But who among us are really the Maces? Who among us, especially those of us sutured to the internet, looped into endless reading and writing, don't see part of ourselves in Lenny Nero? Lenny is the spurned, self-pitying lover and the scuzzy, rationalizing, tech-addicted pleasure-peddler who would be even more obvious as a flawed protagonist if he lacked the perfect, sculptural beauty of Ralph Fiennes underneath his greasy hair and bad suits. Fiennes's casting, just like mind-blowing set design of near-future Los Angeles, the hard-charging song score and sound design, the punk polychromatics of the palette, and the sinuous movements of the camera, keeps luring us into aesthetic delectation when perhaps we should be focused on political outrage. (In truth, the chief reason I hit up Strange Days on opening day was that I was trying to resolve my confusing, pre-sexual attraction to both Fiennes and Bassett, before I came to the queer realization that love means never having to say you're sorry, and never having to choose.) Lenny is not a bad man or a hero. He eventually has the ethical epiphany the audience wants him to have, though circumstance strongly forces his hand. He places the right object in Mace's hand at the right time for change to be effected, but he is not really the agent of that change. In this as in all else, as Strange Days clearly realizes, Lenny is more of a watcher than a doer. It's not that they can't go together, though the film verges on that implication, making Lenny a visual glutton and Mace a conscientious objector, and naming a scummy concert venue-cum-underworld hangout the Retinal Fetish. Strange Days embeds enough cues to refuse the total conflation of looking and violence, media dependency and moral failure; even Lenny is tentatively redeemed. But if you check Twitter every few minutes, or you favor bandwidth over ballots as your preferred forum for activism, if you're vigilant about what's Trending but somewhat aloof from what's really happening, you—which is to say, I—may warrant some rude awakening.

Strange Days famously sank at the box office. Rationales volleyed loudly through the media. The newly anointed, Oscar-nominated cast, including Fiennes, Bassett, and Juliette Lewis, simply weren't bankable. Casting them had been a heedless risk. All the 1995 movies about new and future technologies stumbled, including Johnny Mnemonic, Virtuosity, and The Net. All the movies released on that Friday the 13th failed, including the lurid Joe Eszterhas thriller Jade and Demi Moore's laughable Scarlet Letter. I'm sure there is merit to some of these diagnoses, but most seemed determined to lump Strange Days together with blatantly sketchy product and to let the public off the hook for not showing up, not rallying to the cause. These verdicts felt more expedient (it could never have worked! that date is truly cursed!) than asking why audiences might reject a narratively and stylistically challenging thriller that bears witness to systemic pathologies in L.A., the U.S., and the world, implicating audiovisual media and their insatiable clienteles within an architecture of postmodern complicity. This wide-release movie seemed not just ignored but somehow suppressed, like Jeriko's execution. Even generically bracketing Strange Days as yet another under-attended "cyber thriller" became a way not to position it as yet another under-heeded indictment of homefront terrorism against women and minorities, with urban black people as the principal avatar of precarious life.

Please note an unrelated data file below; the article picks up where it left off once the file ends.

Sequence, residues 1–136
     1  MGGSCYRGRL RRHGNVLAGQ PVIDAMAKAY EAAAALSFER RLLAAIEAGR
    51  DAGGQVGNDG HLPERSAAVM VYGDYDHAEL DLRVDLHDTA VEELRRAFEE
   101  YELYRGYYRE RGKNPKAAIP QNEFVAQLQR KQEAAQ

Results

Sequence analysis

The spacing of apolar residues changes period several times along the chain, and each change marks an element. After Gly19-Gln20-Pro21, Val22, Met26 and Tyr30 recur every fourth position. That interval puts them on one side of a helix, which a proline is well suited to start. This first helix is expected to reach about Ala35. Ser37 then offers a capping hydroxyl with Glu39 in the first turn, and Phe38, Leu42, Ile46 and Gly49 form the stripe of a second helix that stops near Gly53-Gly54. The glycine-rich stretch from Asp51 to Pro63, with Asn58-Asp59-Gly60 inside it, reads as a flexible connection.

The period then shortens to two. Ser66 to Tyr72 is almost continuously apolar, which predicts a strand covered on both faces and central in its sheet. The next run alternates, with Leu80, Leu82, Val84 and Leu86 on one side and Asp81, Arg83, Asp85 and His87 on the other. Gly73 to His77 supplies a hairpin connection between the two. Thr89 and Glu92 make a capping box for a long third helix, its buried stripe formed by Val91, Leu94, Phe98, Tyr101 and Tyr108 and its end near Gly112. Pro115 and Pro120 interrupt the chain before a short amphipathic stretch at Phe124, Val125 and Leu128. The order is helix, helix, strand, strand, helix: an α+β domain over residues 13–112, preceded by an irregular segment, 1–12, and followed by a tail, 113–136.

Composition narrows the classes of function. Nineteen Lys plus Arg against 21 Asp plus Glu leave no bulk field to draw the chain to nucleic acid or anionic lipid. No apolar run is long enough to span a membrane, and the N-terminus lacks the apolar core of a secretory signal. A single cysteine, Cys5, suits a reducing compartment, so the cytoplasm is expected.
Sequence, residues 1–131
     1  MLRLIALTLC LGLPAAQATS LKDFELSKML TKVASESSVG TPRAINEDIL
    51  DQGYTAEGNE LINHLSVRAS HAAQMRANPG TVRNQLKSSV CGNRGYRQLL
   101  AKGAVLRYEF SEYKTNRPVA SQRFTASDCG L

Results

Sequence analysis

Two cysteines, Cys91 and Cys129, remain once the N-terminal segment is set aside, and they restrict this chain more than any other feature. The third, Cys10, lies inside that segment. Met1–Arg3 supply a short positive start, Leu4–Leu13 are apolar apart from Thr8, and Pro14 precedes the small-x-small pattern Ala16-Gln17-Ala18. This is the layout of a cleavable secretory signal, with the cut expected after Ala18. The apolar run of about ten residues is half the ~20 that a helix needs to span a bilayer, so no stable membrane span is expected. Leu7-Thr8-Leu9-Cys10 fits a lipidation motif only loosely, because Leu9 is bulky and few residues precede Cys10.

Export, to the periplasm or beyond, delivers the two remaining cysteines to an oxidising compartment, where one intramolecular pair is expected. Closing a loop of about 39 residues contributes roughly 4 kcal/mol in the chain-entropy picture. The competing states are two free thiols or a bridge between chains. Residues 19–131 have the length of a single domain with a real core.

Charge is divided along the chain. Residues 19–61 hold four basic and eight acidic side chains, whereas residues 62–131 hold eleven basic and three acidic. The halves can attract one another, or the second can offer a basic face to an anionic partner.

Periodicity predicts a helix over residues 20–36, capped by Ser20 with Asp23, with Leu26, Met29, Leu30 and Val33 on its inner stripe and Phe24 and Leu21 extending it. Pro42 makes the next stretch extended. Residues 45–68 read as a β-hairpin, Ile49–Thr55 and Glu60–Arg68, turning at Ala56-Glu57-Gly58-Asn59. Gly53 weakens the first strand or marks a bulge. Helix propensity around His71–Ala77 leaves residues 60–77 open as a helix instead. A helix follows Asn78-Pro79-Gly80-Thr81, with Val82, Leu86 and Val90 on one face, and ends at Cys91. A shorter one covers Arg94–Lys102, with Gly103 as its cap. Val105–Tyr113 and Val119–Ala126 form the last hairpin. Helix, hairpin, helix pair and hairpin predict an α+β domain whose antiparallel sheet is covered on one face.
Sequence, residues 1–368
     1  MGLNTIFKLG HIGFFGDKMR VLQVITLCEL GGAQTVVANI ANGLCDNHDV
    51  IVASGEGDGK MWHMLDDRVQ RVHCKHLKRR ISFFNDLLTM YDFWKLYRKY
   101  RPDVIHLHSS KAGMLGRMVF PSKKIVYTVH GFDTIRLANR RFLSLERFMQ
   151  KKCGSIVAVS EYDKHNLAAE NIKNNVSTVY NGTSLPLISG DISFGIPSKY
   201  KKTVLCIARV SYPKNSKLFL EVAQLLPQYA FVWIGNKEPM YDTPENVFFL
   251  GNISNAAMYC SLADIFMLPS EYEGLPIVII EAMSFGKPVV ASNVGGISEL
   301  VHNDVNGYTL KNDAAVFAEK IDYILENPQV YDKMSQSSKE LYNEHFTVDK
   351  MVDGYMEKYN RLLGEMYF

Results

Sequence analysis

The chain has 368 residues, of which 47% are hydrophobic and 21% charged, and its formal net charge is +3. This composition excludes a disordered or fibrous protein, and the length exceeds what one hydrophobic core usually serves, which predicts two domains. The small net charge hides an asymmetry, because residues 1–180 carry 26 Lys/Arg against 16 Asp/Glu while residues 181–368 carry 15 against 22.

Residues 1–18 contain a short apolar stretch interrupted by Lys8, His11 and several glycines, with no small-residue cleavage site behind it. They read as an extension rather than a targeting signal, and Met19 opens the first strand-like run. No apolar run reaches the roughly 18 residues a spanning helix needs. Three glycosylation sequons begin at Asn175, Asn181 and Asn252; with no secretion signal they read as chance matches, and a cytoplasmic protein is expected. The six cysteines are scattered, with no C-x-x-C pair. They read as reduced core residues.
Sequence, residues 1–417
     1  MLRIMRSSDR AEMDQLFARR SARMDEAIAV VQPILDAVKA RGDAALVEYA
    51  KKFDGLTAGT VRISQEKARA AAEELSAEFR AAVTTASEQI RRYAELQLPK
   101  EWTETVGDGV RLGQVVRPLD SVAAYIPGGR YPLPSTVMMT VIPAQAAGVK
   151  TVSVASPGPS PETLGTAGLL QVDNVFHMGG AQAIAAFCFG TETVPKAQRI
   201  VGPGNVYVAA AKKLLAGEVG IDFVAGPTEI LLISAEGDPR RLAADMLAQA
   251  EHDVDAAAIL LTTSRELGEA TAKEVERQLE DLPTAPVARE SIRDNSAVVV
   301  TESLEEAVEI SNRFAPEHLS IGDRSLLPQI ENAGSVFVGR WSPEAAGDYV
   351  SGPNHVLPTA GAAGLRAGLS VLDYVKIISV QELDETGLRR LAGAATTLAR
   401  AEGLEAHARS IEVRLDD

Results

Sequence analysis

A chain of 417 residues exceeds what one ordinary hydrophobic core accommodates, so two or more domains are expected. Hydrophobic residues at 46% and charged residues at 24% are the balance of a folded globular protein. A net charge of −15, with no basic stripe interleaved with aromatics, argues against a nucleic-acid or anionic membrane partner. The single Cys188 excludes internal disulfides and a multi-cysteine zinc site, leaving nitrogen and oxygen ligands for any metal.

So it's one thing to applaud Strange Days as a nervy synthesis of invigorating artistry and enraging protest. It's another to acknowledge the film as a transition-point in my own political education, a measure by which my own moral agency often feels inadequate, and a hypnotic object whose call I sometimes heed over those of real-world travesties it echoes and presages. Even while writing this piece, during the last two hours, another mass shooting has unfolded in California, less explicitly synced to Strange Days's critique but requiring focused attention I will furnish once I finish these final sentences. The personal is the political, yes, but only if you make the political personal. I'm not implying there is only one model for doing this, or that public writing has no standing as a channel for activist feeling. But Strange Days isn't just about feeling some kind of way about a world gone wrong. It's about recalibrating one's relation to multisensory technology, admitting its allure and seizing its evidentiary capacities for the side of Good, but not sinking back into its narcotic and narcissistic cloud. It's about doing the right thing, the really right thing. It's about tracking powerful figures all the way to the bathroom. It's about showing up in the street.